Could Trastuzumab Emtansaine Offer Improved Treatments for Breast Cancer Patients?

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Home / Could Trastuzumab Emtansaine Offer Improved Treatments for Breast Cancer Patients?

These are the different components of Trastuzumab Emtansaine. Image by Claire

Breast cancer is a complex and devastating disease that affects thousands of women every year; occurring when cells acquire mutations causing them to behave differently from healthy cells. The mutated cells proliferate uncontrollably, dedifferentiate, or regress to a simpler form, avoid apoptosis (the time a cell is supposed to die) and can spread and invade other tissues – we call this process metastasis.

Currently many chemotherapy drugs for breast cancer lack selectivity, resulting in damage to healthy tissue. This causes a number of side effects including emesis (nausea), myelosuppression (decrease in bone marrow activity), alopecia (hair loss), impaired wound healing, and sterility.

One strategy to try and reduce these distressing side effects, as well as improve the outcome of treatment, is to target the cancer cells without harming the healthy cells. Due to their specificity, antibodies are able to bind to antigens that are unique to or overexpressed on cancer cells. ‘This means they can help deliver a cytotoxic drug directly to the cancer cell. We call these new anti cancer agents antibody drug conjugates.

Trastuzumab Emtansaine: an Overview

In February 2013, the FDA approved the antibody drug conjugate Trastuzumab Emtansaine (Kadcyla) to treat HER2-positive breast cancer. This conjugate is the third antibody drug conjugate to gain approval. The humanised antibody Trastuzmab, which targets the human epidermal growth factor receptor on breast cancer cells, makes up part of Trastuzumab Emtansaine.

Gene amplifications and protein overexpression of this antigen occur in around 15% to 25% of breast cancer patients. Trastuzmab joins a noncleavable thioether linker to the cytotoxic agent DM1, a derivative of maytansine first isolated from the Ethiopian shrub Maytenus ovatus. After binding to the HER2 target, Trastuzumab Emtansaine internalizes. Proteolytic digestion then occurs, freeing the drug – this results in inhibition of microtubule assembly. The process ends with mitotic arrest and death of the cancerous cell.

What Do the Clinical Studies Say?

Trastuzumab Emtansaine gained approval based on data from the phase III EMILIA trial. During this trial, 991 patients were randomly assigned to taking Trastuzumab Emtansaine or lapatinib plus capecitabine. The results showed that Trastuzumab Emtansaine increased median progression-free survival from 6.4 months for the patients on lapatinib plus capecitabine to 9.6 months for patients on Trastuzumab Emtansaine. The overall survival was increased by 5.8 months and it was shown that Trastuzumab Emtansaine had fewer side effects than  lapatinib plus capecitabine.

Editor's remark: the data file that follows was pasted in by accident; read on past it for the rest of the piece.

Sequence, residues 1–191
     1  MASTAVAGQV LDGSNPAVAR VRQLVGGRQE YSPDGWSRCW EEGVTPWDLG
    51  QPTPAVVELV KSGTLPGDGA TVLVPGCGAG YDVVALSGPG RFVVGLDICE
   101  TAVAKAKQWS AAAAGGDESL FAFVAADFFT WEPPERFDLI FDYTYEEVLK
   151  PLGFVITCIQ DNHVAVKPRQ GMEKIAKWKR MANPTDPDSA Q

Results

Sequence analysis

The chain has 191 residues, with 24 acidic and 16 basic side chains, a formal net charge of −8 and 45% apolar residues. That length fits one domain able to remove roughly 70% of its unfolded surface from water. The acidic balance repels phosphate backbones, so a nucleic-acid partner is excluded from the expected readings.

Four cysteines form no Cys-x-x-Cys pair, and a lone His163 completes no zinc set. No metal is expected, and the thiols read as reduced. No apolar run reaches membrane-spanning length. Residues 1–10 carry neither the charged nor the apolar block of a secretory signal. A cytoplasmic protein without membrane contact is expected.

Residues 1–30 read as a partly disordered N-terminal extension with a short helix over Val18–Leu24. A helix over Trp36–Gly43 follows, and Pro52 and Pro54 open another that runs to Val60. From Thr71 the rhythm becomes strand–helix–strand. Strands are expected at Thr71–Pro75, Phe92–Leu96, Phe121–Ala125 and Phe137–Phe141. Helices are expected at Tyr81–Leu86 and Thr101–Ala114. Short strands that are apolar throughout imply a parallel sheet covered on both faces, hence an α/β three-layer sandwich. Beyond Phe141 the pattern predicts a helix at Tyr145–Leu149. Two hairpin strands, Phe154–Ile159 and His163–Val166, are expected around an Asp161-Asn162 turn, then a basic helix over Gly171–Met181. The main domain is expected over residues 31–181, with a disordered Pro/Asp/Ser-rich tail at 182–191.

Promising Anti-Cancer Agent

Trastuzumab Emtansaine looks like a promising anti-cancer agent that meets the requirements for a successful antibody drug conjugate. It has an antibody that targets an antigen that is over-expressed in cancer cells but only present in low amounts on healthy cells. The cytotoxic agent is potent and conjugated to the antibody via a non-cleavable linker which is stable in systemic circulation. The cancer cell internalizes the agent, which results in cell death. So far clinical trials have shown that patients tolerate the agent well, and that it is effective at improving treatment outcomes.

Resources

Burris, H.A., Tibbitts, J., Holdon, S.N., Sliwkowski, M.X. & Lewis Phillips, G.D.  Trastuzumab Emtansine (T-DM1): A Novel Agent for Targeting HER2+ Breast Cancer. (2011). Clinical breast cancer. Accessed November 3, 2013.

Genetech. FDA Approves Genentech’s Kadcyla (Ado-Trastuzumab Emtansine), the First Antibody-Drug Conjugate for Treating Her2-Positive Metastatic Breast Cancer. (2013). Accessed November 3, 2013.

LoRusso, P.M., Weiss, D., Guardino, E., Girish, S. & Sliwkowski, M.X. Trastuzumab Emtansine: A Unique Antibody-Drug Conjugate in Development for Human Epidermal Growth Factor Receptor 2-Positive Cancer. (2011). Clinical Cancer Research. Accessed November 3, 2013.

Verma, S., Miles, D., Gianni, L., Krop, I.E., Welslau, M., Baselga, J., Pegram, M., Oh, D., Diéras, V., Guardino, E., Fang, L., Lu, M.W., Olsen, S. & Blackwell, K. Trastuzumab Emtansine for HER2-Positive Advanced Breast Cancer. (2012). North England Journal Medicine. Accessed November 3, 2013.

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